U.S. al­lies have ev­ery rea­son to fear Trump

The Hamilton Spectator - - OPINION -

View­point: Toronto Star Twenty-four per cent.

That, ac­cord­ing to an au­thor­i­ta­tive es­ti­mate by elec­tion ex­perts at the New York Times, is Don­ald Trump’s chance of beat­ing Hil­lary Clin­ton and win­ning the Amer­i­can pres­i­dency in Novem­ber.

It makes Clin­ton the strong favourite. But not the over­whelm­ing favourite. As Josh Katz of the Times noted in ex­plain­ing the in­tri­cate cal­cu­la­tions that went into the pre­dic­tion: “Mrs. Clin­ton’s chance of los­ing is about the same prob­a­bil­ity that an NBA player will miss a free throw.”

In other words, it could well hap­pen. It’s a def­i­nite pos­si­bil­ity. Sure, it’s just one es­ti­mate at one mo­ment in time, a best-guess based on the avail­able data. But given the stakes in­volved in a Trump pres­i­dency, it’s an ap­palling prospect.

The con­ven­tional wis­dom was that Trump would use the Repub­li­can con­ven­tion to “pivot” from pri­mary mode to the gen­eral elec­tion. That he would try to broaden his mes­sage from his an­gry white male base to other voters who might be tempted to his side.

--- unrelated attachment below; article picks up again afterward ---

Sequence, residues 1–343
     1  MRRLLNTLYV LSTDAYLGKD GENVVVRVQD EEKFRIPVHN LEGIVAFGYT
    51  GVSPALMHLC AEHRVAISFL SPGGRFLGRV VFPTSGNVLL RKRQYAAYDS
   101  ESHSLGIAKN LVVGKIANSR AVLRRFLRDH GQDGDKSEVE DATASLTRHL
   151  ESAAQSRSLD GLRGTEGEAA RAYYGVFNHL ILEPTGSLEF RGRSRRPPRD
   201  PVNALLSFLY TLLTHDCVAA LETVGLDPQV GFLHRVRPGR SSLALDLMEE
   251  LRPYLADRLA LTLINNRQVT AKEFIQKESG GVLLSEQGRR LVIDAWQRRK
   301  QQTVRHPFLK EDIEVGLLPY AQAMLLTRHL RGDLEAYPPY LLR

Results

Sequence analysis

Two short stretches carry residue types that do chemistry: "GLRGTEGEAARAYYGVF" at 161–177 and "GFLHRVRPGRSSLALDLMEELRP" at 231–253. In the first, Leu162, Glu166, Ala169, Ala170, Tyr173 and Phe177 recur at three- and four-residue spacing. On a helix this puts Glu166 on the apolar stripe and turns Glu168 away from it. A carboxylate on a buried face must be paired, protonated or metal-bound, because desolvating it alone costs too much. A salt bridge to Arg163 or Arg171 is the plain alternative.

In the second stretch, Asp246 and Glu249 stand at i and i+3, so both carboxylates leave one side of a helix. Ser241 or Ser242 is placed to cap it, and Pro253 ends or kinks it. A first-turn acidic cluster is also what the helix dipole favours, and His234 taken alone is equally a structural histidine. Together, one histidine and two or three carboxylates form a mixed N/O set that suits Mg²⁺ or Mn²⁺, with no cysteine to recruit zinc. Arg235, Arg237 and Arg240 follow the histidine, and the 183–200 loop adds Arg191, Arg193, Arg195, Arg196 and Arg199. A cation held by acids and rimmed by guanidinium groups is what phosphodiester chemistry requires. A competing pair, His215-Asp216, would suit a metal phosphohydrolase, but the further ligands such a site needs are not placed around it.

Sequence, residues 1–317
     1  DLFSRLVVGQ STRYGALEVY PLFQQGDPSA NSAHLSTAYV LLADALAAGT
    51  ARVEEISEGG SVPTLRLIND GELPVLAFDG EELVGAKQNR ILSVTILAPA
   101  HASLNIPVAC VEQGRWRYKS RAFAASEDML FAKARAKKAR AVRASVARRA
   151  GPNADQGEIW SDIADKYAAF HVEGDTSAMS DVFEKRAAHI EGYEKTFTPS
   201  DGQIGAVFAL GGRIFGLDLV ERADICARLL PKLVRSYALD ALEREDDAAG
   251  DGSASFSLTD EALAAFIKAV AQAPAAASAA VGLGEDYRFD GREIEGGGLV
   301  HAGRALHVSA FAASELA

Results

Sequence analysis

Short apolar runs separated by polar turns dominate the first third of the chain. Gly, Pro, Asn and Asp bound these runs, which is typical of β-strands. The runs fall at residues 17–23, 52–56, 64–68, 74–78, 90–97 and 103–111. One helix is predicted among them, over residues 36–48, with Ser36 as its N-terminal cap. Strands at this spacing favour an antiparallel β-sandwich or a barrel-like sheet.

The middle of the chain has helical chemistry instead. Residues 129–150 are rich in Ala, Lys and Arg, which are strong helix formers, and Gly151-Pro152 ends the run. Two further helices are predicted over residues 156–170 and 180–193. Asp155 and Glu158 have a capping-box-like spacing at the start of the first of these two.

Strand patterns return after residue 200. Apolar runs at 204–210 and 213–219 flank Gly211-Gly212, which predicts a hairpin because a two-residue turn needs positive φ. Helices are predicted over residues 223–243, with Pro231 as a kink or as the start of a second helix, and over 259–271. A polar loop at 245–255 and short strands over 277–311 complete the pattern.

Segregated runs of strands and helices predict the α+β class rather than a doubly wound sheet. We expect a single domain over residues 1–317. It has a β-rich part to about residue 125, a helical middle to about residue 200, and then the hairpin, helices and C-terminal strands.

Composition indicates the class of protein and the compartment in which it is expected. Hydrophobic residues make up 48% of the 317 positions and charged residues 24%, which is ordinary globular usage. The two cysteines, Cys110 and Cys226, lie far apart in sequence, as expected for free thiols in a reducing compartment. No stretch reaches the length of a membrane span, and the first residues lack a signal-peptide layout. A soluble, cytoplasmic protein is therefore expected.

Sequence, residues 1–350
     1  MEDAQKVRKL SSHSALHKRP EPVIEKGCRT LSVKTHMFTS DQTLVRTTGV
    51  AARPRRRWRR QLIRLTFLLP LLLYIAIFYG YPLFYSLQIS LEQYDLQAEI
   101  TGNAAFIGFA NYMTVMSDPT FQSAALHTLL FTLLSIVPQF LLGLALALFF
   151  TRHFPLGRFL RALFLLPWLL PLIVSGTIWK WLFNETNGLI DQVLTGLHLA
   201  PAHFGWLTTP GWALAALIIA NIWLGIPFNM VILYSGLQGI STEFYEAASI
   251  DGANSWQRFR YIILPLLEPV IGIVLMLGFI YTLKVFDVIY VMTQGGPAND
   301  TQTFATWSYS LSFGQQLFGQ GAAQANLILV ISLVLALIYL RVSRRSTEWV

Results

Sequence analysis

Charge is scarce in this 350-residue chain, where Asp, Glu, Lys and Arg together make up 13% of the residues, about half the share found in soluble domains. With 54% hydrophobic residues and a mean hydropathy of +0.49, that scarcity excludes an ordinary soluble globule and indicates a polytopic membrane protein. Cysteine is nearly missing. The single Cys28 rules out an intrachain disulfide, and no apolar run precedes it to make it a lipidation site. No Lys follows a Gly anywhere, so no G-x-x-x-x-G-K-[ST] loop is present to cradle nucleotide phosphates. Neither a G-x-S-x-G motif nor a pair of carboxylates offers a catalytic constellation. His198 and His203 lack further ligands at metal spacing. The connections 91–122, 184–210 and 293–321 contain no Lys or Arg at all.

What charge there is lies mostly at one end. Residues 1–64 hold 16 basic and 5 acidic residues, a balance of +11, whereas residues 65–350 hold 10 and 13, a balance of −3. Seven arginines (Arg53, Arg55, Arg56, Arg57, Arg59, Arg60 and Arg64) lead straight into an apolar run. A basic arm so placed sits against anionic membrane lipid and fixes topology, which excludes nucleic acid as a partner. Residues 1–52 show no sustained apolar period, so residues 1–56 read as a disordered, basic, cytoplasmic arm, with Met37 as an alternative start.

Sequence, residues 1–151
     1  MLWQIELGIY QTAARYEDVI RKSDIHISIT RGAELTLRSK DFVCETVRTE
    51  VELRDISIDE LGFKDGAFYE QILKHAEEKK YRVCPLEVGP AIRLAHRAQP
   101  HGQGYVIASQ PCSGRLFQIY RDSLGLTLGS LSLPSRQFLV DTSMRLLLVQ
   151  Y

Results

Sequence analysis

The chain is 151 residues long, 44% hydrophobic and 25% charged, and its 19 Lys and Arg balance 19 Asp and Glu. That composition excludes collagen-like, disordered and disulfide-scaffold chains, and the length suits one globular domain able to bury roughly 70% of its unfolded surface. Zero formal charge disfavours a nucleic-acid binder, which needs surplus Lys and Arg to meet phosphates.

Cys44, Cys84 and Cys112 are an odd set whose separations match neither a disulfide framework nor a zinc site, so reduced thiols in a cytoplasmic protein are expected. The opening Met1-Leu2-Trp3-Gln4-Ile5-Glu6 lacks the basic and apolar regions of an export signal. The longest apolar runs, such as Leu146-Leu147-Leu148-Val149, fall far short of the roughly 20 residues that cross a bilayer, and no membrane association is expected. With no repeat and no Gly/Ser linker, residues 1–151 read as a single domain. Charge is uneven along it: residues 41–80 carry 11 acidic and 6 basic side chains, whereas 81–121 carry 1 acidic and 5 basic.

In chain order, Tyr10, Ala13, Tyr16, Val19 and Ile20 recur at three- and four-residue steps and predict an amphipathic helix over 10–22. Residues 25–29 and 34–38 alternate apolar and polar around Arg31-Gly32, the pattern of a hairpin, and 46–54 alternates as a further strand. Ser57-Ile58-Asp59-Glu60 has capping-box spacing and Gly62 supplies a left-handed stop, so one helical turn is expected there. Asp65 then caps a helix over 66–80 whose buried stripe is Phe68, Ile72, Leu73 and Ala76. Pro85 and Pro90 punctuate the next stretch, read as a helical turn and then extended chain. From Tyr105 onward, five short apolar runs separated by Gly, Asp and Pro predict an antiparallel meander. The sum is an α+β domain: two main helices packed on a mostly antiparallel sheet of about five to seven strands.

His “I Alone” speech (as in, “I alone can fix it”) clos­ing the con­ven­tion put paid to that. Once again, the con­ven­tional wis­dom was flat wrong. Trump has ev­i­dently de­cided that enough voters will re­spond to his dark, dystopian vi­sion of Amer­ica to carry him all the way to the White House.

The fact that he has a solid chance of mak­ing it means the world must take him very se­ri­ously. For Cana­di­ans, that in­cludes lis­ten­ing care­fully as he con­tin­ues to at­tack the in­sti­tu­tions most fun­da­men­tal to our mil­i­tary and eco­nomic se­cu­rity.

Last week, he did just that as he tore into both NAFTA, the two-decade-old North Amer­i­can trade deal, and NATO, the bedrock of west­ern sta­bil­ity since the Sec­ond World War. He’s tak­ing pro­tec­tion­ism and iso­la­tion­ism to a new level.

Newspapers in English

Newspapers from Canada

© PressReader. All rights reserved.